Miscarriage

November 12, 2012

Miscarriage

Also known as spontaneous abortion, miscarriage is the involuntary loss of fetus before the 20th week of pregnancy. The condition refers to a naturally occurring event, and does not include medical or surgical abortions.

Causes

Chromosomal problems and genetic disorders prevent the healthy growth and development of the baby in the mother’s womb. Although these problems may not be related to the genes of the parents, many women lose pregnancy due to these alterations. Other causes of pregnancy loss may include:

  • Exposure to toxins, drugs, nicotine or alcohol

  • Hormonal imbalances in the mother’s body

  • Certain bacterial and viral infections

  • Obesity

  • Anatomical defects in the mother’s reproductive organs

  • Immune system disorders

  • Serious systemic diseases such as cancer or diabetes

Prevalence

Almost 50 percent of fertilized eggs in a woman’s body undergo spontaneous abortion, even before she realizes that she is pregnant. Almost 15 to 20 percent of women lose pregnancy during the first seven weeks. The rate of miscarriage lowers significantly once the baby’s heart beat becomes traceable. The risk of miscarriage also increases with age. It is considerably higher in women between the ages of 35 to 40 years, and increases further after the age of 40.

Symptoms

Many women, who lose pregnancy, are unaware until their doctor informs them in the next visit. Others may experience lower back pain, or dull, sharp abdominal pain. Some women may pass tissue or clot-like material from their vagina, while other may have abdominal bleeding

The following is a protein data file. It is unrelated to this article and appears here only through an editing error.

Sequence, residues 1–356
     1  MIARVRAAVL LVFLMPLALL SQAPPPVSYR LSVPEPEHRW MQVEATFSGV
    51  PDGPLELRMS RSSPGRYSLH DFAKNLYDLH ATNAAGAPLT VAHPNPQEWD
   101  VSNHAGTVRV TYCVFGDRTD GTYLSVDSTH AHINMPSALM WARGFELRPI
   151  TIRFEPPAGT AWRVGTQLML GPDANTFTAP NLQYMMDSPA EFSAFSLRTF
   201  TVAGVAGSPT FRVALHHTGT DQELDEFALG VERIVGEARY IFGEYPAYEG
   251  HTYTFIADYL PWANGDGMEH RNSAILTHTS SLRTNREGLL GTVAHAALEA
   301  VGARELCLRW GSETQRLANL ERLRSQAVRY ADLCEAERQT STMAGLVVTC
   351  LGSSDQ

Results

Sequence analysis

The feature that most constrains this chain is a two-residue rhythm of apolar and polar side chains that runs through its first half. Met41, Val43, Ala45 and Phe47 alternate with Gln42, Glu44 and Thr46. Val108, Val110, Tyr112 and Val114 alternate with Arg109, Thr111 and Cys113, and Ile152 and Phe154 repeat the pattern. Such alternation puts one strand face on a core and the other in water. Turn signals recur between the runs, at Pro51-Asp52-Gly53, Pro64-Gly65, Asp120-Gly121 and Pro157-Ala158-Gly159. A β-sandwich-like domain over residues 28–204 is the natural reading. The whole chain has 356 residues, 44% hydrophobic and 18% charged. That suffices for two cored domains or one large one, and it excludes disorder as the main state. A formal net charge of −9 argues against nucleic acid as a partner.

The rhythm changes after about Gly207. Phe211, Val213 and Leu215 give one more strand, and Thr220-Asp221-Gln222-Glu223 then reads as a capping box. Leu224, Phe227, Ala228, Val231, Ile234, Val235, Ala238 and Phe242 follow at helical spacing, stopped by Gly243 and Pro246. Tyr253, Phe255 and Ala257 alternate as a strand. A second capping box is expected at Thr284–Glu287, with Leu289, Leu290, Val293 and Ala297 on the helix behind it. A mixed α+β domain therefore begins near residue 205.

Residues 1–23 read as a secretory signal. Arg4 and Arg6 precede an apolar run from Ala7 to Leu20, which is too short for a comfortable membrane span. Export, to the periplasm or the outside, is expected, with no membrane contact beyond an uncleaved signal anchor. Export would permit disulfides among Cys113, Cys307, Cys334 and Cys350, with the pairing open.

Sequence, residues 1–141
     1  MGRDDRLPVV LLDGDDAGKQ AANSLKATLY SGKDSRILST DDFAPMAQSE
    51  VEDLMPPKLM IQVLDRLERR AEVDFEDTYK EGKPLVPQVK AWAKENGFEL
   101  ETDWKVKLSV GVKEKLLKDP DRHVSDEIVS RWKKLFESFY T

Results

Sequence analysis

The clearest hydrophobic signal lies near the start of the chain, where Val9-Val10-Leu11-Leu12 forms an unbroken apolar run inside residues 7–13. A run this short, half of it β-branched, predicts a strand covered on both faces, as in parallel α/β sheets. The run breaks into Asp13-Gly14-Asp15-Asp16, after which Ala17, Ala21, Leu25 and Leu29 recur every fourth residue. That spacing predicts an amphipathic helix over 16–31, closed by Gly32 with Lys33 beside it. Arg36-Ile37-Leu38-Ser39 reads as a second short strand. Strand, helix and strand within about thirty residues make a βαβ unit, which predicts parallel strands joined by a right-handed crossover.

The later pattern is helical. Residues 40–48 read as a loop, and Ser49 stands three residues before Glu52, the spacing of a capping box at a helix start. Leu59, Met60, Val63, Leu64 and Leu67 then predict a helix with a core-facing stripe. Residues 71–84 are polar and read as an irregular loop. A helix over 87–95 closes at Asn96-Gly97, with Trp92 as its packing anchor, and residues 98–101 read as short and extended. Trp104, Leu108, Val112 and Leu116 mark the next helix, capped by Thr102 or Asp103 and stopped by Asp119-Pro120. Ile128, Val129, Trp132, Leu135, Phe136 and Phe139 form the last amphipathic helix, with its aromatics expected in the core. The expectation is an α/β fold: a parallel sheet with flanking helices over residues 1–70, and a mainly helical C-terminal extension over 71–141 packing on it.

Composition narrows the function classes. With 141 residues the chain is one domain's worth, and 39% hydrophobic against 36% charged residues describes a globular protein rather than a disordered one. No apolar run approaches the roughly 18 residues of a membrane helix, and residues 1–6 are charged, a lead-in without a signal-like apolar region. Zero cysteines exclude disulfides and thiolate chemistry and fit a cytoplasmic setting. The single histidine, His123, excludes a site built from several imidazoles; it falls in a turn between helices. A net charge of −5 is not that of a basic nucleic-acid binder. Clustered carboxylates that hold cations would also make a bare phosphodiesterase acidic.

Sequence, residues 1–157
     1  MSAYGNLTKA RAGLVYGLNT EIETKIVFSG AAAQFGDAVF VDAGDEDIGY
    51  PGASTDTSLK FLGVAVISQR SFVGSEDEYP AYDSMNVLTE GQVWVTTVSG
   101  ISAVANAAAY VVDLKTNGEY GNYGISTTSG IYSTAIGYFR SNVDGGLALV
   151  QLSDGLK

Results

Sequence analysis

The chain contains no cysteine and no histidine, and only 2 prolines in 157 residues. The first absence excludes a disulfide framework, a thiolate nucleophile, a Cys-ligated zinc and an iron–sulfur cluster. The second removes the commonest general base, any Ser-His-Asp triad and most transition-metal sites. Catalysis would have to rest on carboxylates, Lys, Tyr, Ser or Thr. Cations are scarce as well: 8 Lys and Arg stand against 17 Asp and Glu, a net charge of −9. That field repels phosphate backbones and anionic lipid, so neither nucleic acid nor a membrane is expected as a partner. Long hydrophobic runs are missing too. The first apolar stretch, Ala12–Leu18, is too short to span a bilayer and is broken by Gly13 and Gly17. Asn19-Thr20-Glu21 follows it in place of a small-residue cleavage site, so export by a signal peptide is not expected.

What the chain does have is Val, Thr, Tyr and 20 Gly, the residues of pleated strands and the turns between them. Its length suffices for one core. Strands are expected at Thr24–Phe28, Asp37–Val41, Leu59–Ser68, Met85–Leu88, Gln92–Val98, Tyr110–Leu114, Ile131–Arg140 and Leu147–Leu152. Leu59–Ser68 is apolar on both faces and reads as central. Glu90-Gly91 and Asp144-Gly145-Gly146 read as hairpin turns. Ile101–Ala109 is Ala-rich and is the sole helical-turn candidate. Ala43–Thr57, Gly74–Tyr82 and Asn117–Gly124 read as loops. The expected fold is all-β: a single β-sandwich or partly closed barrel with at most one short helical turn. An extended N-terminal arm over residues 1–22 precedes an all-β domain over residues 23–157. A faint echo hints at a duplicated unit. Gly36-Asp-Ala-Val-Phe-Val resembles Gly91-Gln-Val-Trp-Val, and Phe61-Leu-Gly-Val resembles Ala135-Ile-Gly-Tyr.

Diagnosis

Dilation or thinning of the cervix during the vaginal exam is a major indication of a miscarriage. If you lose pregnancy, your baby’s will not be detectable during an ultrasound. Your vaginal ultrasound may also indicate poor physical development of the fetus. Your doctor may also perform:

  • Blood Typing to check for the Rh compatibility of your baby

  • A complete blood count may give an indication of the blood lost during the suspected miscarriage

  • The human gonadotropin, or HCG test to confirm the pregnancy again

  • A white blood cell differential test may be used to check for the presence of asymptomatic infections.

Treatment

When you lose pregnancy, your doctor will check to see if all the tissue has passed out of your body. You will be kept under observation for 2 weeks, and surgical procedure known as D and C may be performed to remove the remaining fetal tissue from your body. You should regain your normal menstrual cycle within 4 to 6 weeks. You may become pregnant right away but most doctors would recommend you to wait for at least one cycle before trying to conceive.

Complications

It is important for all the fetal tissue in your body to come out after you lose pregnancy. Any remaining tissues can lead to infections characterized by fever, vaginal bleeding, cramping and vaginal discharge. Seek immediate medical attention if you experience these symptoms.

Women may also experience depression and sadness. Talk to your partner and family about it. Consult a psychologist if you experience serious depression or get suicidal thoughts.

Prevention

Comprehensive prenatal care and use of prenatal vitamins may lower your chances of miscarriage. Pregnant women who lose pregnancy often may seek infertility treatments.

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